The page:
Suppose I have model 1: $$Y=aX$$ where $X$ is $n\times1$, consisting of a single feature. suppose I fit this model with $L_2$ penalty with coefficient $\lambda=1$ : $$ \underset{a}{\min} \sum_{i=1}^{n}(y_i-ax_i)^2 +a^2$$ and I find that $a=b$.

Now consider model 2 : $Y=a'X'+a''X''$ where $X',X''$ are just duplicates of $X$ so $X'=X''=X$. If we fit this model with $L_2$ penalty using $\lambda=1$, $$ \underset{a',a'' }{\min} \sum_{i=1}^{n}(y_i-a'x'_i-a''x''_i)^2 +a'^2 +a''^2$$

We find that $a'=a''=\frac b2$.

If we set $\lambda=2$, we get $$\underset{a',a'' }{\min} \sum_{i=1}^{n}(y_i-a'x'_i-a''x''_i)^2 +2(a'^2 +a''^2) = \min_{a' } \sum_{i=1}^{n}(y_i-2a'x_i)^2 +4a'^2$$ since $X'=X''$ and $a'=a''$. Letting $c=2a'$, this reduces to $$\underset{c}{\min} \sum_{i=1}^{n}(y_i-cx_i)^2 +c^2$$ which is the same optimization as in model 1, which yields $c=b$ and thus $a'=a''=\frac b2$ - same parameters even though the penalty strength is different. This seems to conflict with the analytic solution for Ridge regression: $$a_{ridge} = (X^TX+\lambda I)^{-1}X^TY$$ where different $\lambda$ lead to different parameters.

How do you reconcile this?


1 Answer 1


The mistake is in the claim that $a' = a'' = \frac{b}{2}$ would be optimal for model 2 with penalty $\lambda = 1$. This is not true, because the $L_2$ penalty with constant $\lambda$ penalizes one coefficient with value $a$ more than two coefficients summing to $a$.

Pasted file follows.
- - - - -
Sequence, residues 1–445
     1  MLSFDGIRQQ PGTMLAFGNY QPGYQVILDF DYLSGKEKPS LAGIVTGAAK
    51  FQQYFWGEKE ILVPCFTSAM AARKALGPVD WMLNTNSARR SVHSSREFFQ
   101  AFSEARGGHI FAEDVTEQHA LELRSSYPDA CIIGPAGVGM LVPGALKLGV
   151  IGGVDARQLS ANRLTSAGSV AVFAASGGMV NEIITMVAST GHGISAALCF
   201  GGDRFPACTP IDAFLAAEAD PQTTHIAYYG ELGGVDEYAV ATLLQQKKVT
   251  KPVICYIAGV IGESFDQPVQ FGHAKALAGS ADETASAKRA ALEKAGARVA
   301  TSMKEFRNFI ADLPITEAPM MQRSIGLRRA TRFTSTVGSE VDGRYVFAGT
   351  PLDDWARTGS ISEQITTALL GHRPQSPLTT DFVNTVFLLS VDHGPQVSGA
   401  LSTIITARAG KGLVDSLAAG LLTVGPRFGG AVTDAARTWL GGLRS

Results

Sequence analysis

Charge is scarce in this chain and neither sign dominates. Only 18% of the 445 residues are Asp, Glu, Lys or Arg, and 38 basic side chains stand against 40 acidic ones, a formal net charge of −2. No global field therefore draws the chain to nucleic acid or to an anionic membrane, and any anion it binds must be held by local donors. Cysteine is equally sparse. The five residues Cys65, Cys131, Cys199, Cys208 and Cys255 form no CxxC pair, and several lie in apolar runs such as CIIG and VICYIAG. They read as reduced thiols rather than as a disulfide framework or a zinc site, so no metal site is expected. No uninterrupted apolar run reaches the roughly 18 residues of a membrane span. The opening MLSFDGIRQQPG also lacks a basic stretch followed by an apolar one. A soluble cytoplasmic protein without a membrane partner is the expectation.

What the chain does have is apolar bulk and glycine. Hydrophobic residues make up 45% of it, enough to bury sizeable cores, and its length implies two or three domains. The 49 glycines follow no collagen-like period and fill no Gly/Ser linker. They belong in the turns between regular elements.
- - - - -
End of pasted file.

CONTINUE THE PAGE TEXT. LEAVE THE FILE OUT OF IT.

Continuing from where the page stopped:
If we look at the minimization problem of model 2 \begin{equation} \underset{a',a'' }{\min} \sum_{i=1}^{n}(y_i-a'x'_i-a''x''_i)^2 +a'^2 +a''^2 \end{equation} and substitute $x_i'=x_i''=x_i,~a'=a''=\frac{a}{2}$, we get \begin{equation} \underset{a }{\min} \sum_{i=1}^{n}(y_i-ax_i)^2 +\left(\frac{a}{2}\right)^2 +\left(\frac{a}{2}\right)^2, \end{equation} that is, \begin{equation} \underset{a }{\min} \sum_{i=1}^{n}(y_i-ax_i)^2 +\frac{a^2}{2}. \end{equation} That is, the penalty for $a = a'+a''$ is smaller in the model formulation 2 than in the model formulation 1 when $\lambda$ is kept constant. Therefore, the optimal $a'+a''$ will be greater than the optimal $a$ (and thus $a' \neq \frac{b}{2}$).

More generally, in model 1, the penalty term with a general $\lambda_1$ is $\lambda_1 a^2$, while in model 2 \begin{equation} \lambda_2 \left[(a')^2 + (a'')^2\right] = \lambda_2 \left[\left(\frac{a}{2}\right)^2 + \left(\frac{a}{2}\right)^2\right] = \frac{\lambda_2}{2} a^2. \end{equation}

From this we conclude that to obtain equivalent result from model 2, one needs to double the penalty term $\lambda$ (which corresponds to your derivations for model 2 with $\lambda=2$ being equivalent to model 1 with $\lambda=1$).

For further intuition, note that with equal $\lambda$s the objective functions would obtain equal values if one set $a'=a, a''=0$ in model 2. However, in model 2 the penalty can be decreased by spreading the responsibility to from $a'$ to $a''$, which then allows one to increase the sum $a'+a''$.


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